French press review 21 July 2014
Issued on: Modified:
The French dailies are on fire with news from the Middle East, with front pages showing Gaza in ashes.
Is this genocide? Communist paper L'Humanité says yes, in bold. And it's got Netanyahu's name written all over it, according to the paper.
L'Humanité compares Israel's intervention in Gaza City to Ireland's Bloody Sunday, as civilians are senselessly harrassed by the army. It reports that already more Palestinians have fled Gaza than in the last Israeli-Palestinian conflict in 2008.
The daily sees only one hope for the future: a united Palestinian political front that can face up to what it calls "the Israeli carnage."
Le Monde reports on the pro-Palestinian march that took place in Paris this Saturday despite a last-minute ban by the city's security forces. Organizers condemned the ban as a "serious political mistake" and still took to the streets.
But they lost some key supporters here in France, such as the Communist Party which traditionally stands by the Palestinian cause. They were absent from the protest, as they did not want to back the increasingly hard-line the Hamas is taking.
There were also concerns that the march would attract some of France's more notorious anti-Semites, such as far-right figure Alain Soral.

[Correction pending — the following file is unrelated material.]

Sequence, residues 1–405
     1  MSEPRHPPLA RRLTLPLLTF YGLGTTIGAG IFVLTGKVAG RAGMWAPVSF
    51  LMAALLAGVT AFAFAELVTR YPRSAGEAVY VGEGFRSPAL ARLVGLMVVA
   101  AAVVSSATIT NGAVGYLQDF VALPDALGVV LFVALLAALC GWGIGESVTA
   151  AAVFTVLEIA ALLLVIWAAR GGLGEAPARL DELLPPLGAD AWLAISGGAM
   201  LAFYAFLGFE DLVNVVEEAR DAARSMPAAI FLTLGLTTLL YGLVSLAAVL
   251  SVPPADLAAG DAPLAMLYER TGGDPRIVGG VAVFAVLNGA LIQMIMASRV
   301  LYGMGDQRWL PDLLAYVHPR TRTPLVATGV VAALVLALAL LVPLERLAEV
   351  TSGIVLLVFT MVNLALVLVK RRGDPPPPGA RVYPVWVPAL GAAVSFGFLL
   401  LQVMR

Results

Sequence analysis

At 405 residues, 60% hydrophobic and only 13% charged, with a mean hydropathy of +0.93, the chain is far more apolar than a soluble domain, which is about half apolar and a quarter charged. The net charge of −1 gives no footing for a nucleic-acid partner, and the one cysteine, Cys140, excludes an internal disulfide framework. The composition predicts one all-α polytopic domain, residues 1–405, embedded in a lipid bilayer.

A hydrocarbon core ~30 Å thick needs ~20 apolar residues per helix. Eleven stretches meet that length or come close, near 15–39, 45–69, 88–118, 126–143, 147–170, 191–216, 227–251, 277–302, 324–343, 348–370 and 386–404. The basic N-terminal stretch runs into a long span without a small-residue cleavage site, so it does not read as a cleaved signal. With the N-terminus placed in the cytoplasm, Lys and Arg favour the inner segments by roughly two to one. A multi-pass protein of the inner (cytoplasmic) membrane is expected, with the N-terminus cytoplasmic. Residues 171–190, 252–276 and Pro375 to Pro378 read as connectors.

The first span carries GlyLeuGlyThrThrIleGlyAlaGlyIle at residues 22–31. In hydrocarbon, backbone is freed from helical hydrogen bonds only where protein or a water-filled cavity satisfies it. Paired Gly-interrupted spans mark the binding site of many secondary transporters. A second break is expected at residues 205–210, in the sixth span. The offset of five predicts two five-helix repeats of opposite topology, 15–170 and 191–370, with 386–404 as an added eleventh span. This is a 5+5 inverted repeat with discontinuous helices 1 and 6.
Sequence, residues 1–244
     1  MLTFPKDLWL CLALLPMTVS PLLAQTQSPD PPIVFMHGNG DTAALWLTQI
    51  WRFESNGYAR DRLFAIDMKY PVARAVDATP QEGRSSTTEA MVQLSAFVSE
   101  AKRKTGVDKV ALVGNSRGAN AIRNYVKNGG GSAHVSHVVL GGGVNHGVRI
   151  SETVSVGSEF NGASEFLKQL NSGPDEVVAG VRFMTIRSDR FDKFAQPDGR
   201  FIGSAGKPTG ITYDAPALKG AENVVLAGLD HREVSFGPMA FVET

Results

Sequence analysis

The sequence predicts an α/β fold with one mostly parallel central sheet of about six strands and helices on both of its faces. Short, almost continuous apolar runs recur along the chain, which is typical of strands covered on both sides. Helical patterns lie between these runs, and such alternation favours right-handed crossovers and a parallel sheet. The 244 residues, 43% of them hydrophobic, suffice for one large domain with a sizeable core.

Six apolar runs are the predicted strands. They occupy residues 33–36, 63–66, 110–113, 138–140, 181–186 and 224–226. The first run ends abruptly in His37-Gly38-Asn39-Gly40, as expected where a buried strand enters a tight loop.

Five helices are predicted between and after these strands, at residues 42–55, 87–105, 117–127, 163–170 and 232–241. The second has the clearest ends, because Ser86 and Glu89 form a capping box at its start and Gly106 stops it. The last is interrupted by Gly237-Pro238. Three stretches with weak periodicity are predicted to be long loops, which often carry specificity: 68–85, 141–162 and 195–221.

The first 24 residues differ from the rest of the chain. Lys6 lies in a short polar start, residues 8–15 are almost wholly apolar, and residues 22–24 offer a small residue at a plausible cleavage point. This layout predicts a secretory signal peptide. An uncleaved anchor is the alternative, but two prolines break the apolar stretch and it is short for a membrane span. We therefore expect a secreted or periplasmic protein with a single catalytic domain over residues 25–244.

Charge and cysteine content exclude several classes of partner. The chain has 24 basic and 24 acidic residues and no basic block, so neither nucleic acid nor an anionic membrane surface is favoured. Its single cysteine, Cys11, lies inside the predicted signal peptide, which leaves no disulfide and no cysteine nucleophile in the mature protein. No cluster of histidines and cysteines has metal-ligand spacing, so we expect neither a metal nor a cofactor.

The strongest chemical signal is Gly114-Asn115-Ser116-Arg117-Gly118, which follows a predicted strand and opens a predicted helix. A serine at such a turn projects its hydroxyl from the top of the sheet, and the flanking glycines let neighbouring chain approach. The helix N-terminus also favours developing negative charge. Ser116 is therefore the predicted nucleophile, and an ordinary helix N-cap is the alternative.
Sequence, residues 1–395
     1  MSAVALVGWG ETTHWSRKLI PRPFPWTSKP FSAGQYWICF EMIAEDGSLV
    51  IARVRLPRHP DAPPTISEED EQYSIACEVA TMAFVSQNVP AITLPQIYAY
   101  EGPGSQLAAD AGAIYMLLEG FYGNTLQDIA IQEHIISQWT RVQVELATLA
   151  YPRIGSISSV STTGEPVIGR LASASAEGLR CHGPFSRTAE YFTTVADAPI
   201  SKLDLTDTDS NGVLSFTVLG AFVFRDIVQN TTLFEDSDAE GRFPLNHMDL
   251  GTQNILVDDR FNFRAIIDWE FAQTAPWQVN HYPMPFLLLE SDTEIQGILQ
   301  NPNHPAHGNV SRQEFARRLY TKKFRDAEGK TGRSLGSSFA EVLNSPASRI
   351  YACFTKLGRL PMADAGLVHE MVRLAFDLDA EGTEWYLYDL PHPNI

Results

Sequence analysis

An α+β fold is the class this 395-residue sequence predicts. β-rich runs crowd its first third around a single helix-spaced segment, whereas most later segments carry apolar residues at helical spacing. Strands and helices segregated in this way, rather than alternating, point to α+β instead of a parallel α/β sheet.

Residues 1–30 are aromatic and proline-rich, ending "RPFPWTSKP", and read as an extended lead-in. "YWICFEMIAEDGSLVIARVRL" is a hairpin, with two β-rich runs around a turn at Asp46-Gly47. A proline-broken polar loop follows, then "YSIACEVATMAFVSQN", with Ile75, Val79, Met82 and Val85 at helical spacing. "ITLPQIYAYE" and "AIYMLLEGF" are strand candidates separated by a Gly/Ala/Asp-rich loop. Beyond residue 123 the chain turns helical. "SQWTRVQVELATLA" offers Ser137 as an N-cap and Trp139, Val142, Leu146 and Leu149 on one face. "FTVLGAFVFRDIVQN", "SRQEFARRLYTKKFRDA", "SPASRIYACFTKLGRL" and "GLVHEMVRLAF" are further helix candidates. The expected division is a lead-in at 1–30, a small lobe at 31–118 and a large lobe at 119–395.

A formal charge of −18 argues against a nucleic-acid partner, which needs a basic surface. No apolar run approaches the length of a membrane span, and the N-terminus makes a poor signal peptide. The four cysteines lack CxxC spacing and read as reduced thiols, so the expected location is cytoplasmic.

And indeed, according to Libération, radicals high-jacked the protests on Saturday, looking for an excuse to burn things. The paper reports seeing homemade anti-Semite salutes - a gesture known as quenelle and promoted by controversial French stand-up comedian Dieudonné.
With 44 arrests and shops burned down in the Northern suburbs of Paris, Libé frets that the conflict might be imported to France. According to the paper, extremists from both sides of the political spectrum hope to co-opt the struggle for peace and promote their own violent cause.
The paper's editorial says the radical left should get a grip and calls on Jewish religious leaders around the world to urge their followers to break away from Netanyahu's hardline.
Right-wing Le Figaro also worries that the Middle Eastern conflict will set fire to Paris' explosive suburbs, where protests on both Saturday and Sunday ended in fighting between pro-Israeli and pro-Palestinian protesters. It doesn't make much sense to compare decades of strife in wartorn Gaza to suburban misery in the French capital, but that is what the paper is running with.
The government, the paper reports, is worried about a new form of anti-Semitism. Faced with criticism over the government's ban of the protest, Prime Minister and notorious hardliner Manuel Valls congratulated himself on the decision and said France would not tolerate any glitches or provocations.
And finally, "what's in a name?" That's what Le Monde wonders, as the government is mulling over a new law about anonymizing job applications. This is important in a country where surnames can easily be recognized as foreign and French family names can reveal whether or not the potential employee comes with a chateau in the countryside. But many oppose the project, as some studies show that employers may actually be more forgiving of spelling mistakes and such if they see that the applicant is not Franco-French.
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